1.) He has “Starr” in his name.
2). Out of all the Beatles, he made the fewest errors during sessions.
3). He managed to keep balance on his chair, even with his tremendous nose.
4). On most Beatles movies, he took the lead roll (only one that had some acting talent).
5). He dated some hot women.
6). *Shrugs* Y-NOT
7). He manages to keep looking bad ass with his sun glasses and beard.
8). 4 words…yellow, garden, octopus, submarine
9). ITS FREAKING RINGO STARR!! (and he was one of the first to use the “match grip”
10). Paul McCartney thinks Ringo Starr is the greatest drummer ever! “McCartney sent Starr a postcard on 31 January 1969 (the day after the band's performance on the roof of Apple Studios) stating: 'You are the greatest drummer in the world. Really.' “
Joking aside, I think Ringo is highly underrated. In many ways he was the "Elvis" of rock drumming. He was not the best techinically, but opened the door for many amazing rock drummers. However, that does not mean he was not a good drummer....here is another top 10 list...a more serious one..taken from http://web2.iadfw.net/gshultz/bryant.html
1). Ringo was one of the first drummers to actually sit in a high rise stand, allowng him to be easily seen during live perfomrances. Before Starr, drummers were usually way in the back, or not even shown at all!.
2). Ringo changed the sound of recorded drums. About the time of Rubber Soul (released Dec. 6,1965), the sound of the drumset started to become more distinct. Along with help from the engineers at Abbey Road studios, Ringo popularized a new sound for the drums by tuning them lower, deadening the tonal ring with muffling materials, and making them sound "closer" by putting a microphone on each drum.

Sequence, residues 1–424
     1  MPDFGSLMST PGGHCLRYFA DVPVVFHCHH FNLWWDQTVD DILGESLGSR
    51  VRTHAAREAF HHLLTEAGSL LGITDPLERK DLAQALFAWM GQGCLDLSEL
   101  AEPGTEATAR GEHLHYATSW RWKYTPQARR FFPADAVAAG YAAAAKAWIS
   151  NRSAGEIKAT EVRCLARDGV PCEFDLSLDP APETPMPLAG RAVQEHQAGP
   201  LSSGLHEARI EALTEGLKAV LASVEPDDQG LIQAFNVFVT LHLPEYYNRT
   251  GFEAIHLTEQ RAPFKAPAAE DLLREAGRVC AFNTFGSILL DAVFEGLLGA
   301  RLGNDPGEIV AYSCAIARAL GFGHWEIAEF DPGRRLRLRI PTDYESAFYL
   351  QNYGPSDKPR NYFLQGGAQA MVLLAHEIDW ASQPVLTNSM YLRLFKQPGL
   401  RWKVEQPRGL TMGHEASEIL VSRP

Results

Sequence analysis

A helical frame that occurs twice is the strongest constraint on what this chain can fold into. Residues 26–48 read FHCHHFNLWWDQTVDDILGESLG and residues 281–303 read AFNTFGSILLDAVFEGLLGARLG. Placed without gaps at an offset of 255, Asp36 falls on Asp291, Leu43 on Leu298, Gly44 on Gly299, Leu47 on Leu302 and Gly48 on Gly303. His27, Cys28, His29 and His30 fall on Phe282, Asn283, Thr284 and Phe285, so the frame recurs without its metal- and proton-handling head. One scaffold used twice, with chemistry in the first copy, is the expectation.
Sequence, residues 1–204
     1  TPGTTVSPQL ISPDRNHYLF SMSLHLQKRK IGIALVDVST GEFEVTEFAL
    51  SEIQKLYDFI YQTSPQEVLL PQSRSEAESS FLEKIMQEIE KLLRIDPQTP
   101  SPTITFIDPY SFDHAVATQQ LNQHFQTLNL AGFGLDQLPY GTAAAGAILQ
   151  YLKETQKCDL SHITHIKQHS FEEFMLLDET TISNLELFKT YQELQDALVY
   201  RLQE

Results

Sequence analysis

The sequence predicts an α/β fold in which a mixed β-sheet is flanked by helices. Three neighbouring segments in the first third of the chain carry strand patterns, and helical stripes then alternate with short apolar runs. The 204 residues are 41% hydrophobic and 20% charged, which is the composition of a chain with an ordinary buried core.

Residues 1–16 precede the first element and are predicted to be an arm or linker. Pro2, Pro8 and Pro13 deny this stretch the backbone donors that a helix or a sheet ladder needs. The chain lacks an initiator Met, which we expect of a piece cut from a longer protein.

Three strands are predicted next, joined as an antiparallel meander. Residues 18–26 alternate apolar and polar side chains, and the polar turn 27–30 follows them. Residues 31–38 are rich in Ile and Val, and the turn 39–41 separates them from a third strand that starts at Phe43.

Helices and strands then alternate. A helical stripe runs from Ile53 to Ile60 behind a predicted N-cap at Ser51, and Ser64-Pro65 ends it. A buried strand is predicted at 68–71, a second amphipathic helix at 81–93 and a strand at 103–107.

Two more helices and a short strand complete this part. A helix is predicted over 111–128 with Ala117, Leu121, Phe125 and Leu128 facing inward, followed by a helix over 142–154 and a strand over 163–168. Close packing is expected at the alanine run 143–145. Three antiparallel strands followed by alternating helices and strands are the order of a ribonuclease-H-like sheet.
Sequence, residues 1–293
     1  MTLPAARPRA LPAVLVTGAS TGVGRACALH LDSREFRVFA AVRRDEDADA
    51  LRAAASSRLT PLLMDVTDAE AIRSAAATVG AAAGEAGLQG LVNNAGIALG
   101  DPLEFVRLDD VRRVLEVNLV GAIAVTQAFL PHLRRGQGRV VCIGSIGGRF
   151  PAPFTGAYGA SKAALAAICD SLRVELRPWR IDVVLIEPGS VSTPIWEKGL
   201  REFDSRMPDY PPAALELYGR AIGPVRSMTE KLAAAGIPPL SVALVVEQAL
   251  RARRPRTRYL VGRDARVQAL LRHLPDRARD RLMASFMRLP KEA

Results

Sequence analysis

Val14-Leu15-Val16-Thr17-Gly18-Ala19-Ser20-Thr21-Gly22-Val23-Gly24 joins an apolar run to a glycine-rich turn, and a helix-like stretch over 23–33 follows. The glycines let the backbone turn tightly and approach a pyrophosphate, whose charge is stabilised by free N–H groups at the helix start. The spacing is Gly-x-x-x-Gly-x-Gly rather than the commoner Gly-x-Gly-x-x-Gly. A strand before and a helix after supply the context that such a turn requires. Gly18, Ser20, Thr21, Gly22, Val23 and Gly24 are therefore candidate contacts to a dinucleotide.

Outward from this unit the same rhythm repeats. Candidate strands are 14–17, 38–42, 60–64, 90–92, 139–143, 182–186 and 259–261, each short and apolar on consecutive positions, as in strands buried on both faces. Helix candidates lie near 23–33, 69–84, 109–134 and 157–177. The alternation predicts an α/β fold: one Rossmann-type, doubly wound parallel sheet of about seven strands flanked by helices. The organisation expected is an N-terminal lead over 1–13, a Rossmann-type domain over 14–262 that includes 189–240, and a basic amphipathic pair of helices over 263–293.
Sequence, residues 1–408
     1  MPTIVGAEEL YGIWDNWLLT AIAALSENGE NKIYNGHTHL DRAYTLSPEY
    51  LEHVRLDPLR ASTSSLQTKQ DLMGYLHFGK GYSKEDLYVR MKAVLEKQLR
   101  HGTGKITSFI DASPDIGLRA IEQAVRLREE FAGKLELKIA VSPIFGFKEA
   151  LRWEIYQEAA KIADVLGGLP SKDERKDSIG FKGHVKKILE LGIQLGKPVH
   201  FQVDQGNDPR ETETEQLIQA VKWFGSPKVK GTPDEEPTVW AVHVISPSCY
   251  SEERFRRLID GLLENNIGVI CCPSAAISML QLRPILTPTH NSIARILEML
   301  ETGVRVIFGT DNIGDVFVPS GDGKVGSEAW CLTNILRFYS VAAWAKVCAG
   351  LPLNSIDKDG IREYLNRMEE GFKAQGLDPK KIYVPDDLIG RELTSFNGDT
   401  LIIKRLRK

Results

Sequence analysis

3). Ringo has nearly perfect tempo. This allowed the Beatles to record a song 50 or 60 times, and then be able to edit together different parts of numerous takes of the same song for the best possible version. Today an electronic metronome is used for the same purpose, but the Beatles had to depend on Ringo to keep the tempo consistant throughout the dozens of takes of the songs that you know and love so well. Had he not had this ability, the Beatles recordings would sound completely different today.
4). Ringo's "feel" for the beat serves as a standard for pop-rock record producers and drummers alike. It is relaxed, but never dragging. Solid, yet always breathing. And yes, there is a great amount of musical taste in his decisions of what to play and when to play it. In most recording sessions, the drummer's performance acts as a barometer for the rest of the musicians. The stylistic direction, dynamics, and emotions are filtered through the drummer. He is the catcher to whom the pitcher/songwriter is throwing. If the drumming doesn't feel good, the performance of any additional musicians is doomed from the start. The Beatles rarely if ever had this problem with Ringo.
5). Ringo hated drum solos, which should win points with quite a few people. He only took one solo while with the Beatles. His eight measure solo appears during "The End" on the "B" side of Abbey Road. Some might say that it is not a great display of technical virtuosity, but they would be at least partially mistaken. You can set an electronic metronome to a perfect 126 beats per minute, then play it along with Ringo's solo and the two will stay exactly together.
6). Ringo's ability to play odd time signatures helped to push popular songwriting into uncharted areas. Two examples are "All you Need is Love" in 7/4 time, and "Here Comes the Sun" with repeating 11/8, 4/4, and 7/8 passages in the chorus.
7). Ringo's proficiency in many differen styles such as two beat swing ("When I'm Sixty-Four"), ballads ("Something"), R&B ("Leave My Kitten Alone" and "Taxman") and country (the Rubber Soul album) helped the Beatles to explore many musical directions with ease. His pre-Beatle experience as a versatile and hard working nightclub musician served him well.